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Treating multivessel disease in the era of coated stents: conclusion
  1. C Di Mario,
  2. H Griffiths
  1. Correspondence to:
    Professor Carlo di Mario
    Royal Brompton & Harefield NHS Trust, Sydney Street, London SW3 6NP, UK; r.wallrbh.nthames.nhs.uk

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The worse long term outcome observed after percutaneous transluminal coronary angioplasty (PTCA) than after coronary artery bypass grafting (CABG) in patients at high risk of restenosis and disease progression such as diabetics,1–4 remind us that there is a substantial difference between treating a focal lesion with percutaneous coronary intervention and the use of arterial or vein grafts which bypass all proximal and mid segments of native coronary arteries. Interventionalists may argue that repair of the native arteries avoids the problem of accelerated disease of the bypass conduits and the occlusion of native arteries often seen years after implantation of vein grafts, situations difficult to handle both with surgery and angioplasty. Still, at least in the first few years after CABG and possibly much longer for arterial grafts, a bypass operation also prevents the acute events due to progression of disease in proximal and mid coronary segments arising from lesions that had no significant narrowing or only minor irregularities at the time of the initial treatment.

DRUG COATED STENTS

Progression of atherosclerosis cannot be addressed even with the best anti-restenotic devices. A drug coated stent may seal a lesion at risk of progression, but it is not reasonable to transform all of the coronary tree into a rigid metal tube to prevent plaque progression, and we still do not have reliable imaging or functional techniques to detect vulnerable plaques. The development of new lipid lowering drugs with high efficacy and low side effects is important since they may improve the long term outcome of a less invasive combined medical and percutaneous treatment strategy in patients with multivessel disease.5 With multivessel angioplasty these patients are unlikely to enjoy, as after surgery, a honeymoon period of a few years at very low risk of events even if they do not seek proper medical care and have limited adherence to risk factor control. Before treating multivessel disease patients with percutaneous techniques, we must be sure that the patients fully understand the importance of lifestyle changes and accept long term medical treatment with multiple drugs (antiplatelet and lipid lowering agents) and a programme of regular follow up visits and investigations.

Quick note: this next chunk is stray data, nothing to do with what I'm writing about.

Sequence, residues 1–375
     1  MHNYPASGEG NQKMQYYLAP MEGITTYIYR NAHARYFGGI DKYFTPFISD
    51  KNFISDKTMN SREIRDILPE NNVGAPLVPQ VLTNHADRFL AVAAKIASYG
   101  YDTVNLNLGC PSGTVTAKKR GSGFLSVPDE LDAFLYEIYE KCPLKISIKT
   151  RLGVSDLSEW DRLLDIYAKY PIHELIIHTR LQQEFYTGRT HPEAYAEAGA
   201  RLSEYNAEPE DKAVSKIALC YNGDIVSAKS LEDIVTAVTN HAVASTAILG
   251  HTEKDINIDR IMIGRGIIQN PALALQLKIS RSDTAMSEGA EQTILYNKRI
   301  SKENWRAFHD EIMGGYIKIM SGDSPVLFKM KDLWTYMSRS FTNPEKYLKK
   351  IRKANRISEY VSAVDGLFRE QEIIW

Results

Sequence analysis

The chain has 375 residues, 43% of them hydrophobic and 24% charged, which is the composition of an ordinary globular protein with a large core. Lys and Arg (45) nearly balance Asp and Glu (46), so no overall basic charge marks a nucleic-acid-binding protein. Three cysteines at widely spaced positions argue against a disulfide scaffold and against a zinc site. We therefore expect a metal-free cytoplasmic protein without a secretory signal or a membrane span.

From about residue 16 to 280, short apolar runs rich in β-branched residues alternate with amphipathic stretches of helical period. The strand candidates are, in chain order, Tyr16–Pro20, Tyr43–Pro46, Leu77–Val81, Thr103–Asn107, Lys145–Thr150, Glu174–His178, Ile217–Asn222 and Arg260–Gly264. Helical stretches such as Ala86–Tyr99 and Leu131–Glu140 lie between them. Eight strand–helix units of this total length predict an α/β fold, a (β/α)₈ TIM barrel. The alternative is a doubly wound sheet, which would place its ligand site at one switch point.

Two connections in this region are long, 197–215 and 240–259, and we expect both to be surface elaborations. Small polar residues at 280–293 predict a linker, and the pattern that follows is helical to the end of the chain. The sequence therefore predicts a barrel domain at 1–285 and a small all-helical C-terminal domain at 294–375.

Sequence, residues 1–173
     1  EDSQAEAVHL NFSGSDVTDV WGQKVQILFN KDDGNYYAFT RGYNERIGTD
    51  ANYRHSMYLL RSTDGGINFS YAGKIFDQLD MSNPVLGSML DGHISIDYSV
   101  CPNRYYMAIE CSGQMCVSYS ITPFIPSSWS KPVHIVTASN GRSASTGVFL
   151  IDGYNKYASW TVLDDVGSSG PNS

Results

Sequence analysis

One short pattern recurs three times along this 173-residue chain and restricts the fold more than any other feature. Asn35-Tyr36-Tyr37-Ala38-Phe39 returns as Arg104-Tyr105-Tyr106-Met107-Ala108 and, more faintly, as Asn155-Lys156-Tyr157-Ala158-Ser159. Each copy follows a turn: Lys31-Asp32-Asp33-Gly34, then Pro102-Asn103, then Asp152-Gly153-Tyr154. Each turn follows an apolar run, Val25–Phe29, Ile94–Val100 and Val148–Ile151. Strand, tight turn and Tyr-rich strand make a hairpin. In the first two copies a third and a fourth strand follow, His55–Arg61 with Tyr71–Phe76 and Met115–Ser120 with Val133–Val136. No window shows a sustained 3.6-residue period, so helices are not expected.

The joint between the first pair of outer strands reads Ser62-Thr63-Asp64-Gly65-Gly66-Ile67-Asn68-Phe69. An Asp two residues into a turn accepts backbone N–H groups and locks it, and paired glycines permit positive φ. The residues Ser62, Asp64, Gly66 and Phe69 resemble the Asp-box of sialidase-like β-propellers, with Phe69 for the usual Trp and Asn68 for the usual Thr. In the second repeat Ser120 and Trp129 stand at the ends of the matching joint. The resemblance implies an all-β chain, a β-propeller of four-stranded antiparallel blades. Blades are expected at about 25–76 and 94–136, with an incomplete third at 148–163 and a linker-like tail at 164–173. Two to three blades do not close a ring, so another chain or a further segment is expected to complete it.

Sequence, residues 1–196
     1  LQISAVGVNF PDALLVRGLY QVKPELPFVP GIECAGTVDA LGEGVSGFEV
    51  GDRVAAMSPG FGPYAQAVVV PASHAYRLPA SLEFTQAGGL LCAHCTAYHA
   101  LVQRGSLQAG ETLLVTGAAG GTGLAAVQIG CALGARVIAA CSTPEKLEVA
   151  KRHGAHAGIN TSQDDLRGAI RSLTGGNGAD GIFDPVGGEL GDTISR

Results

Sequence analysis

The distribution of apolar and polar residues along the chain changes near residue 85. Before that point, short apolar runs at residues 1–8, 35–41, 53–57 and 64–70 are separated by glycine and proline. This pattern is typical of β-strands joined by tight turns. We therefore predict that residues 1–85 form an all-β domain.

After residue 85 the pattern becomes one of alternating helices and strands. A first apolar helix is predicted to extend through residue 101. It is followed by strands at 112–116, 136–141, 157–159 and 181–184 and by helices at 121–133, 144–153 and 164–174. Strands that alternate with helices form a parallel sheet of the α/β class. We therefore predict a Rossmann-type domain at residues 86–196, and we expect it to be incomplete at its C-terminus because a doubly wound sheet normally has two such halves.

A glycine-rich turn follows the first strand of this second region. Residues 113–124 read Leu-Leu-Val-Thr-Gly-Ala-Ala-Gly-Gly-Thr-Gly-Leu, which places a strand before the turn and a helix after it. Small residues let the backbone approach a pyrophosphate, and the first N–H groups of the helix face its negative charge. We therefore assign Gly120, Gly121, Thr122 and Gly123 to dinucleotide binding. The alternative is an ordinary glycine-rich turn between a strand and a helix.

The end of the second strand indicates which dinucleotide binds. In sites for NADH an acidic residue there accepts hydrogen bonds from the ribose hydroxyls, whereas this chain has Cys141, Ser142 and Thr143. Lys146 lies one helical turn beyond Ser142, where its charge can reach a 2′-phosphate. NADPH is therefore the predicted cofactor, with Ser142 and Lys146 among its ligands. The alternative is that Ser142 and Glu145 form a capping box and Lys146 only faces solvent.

COSTS

With this premise, and if the excellent angiographic result seen at two years after treatment with sirolimus eluting stents is maintained over time, the important step forward in terms of restenosis reduction with the use of drug eluting stents may justify percutaneous treatment of the majority of patients with multivessel disease. Reimbursement policy and cost of drug coated stents will also have a big impact on the speed this process will progress. Even if the cost per unit of these devices is reduced by the release of new drug eluting stents and market competition, the complexity of lesions treated must be taken into account by the health care providers to offer reimbursement policies more similar to those offered for surgical procedures in the same patients. In a retrospective review of 273 patients with multivessel disease who underwent bypass surgery at the Royal Brompton Hospital in 2002, percutaneous revascularisation with drug eluting stents was technically feasible in 75% of cases. However, this treatment would have involved lesions for which no data on long term results with drug eluting stents are available, and its one year cost would have been similar to the cost of bypass surgery.6 The switch from coronary surgery to interventional cardiology ultimately relies on the capacity of the interventional cardiologists to convince the medical community and health authorities, based on sound data from randomised trials, that percutaneous coronary intervention with drug eluting stents for multivessel disease is feasible, safe, clinically effective, and cost efficient.

Furthermore, it is not enough to increase the number and capacity of our interventional units: we must stop thinking of interventional cardiology as a simple practice every cardiologist can undertake, but instead train dedicated specialists able to cope with the complexity of the new tasks faced.

REFERENCES

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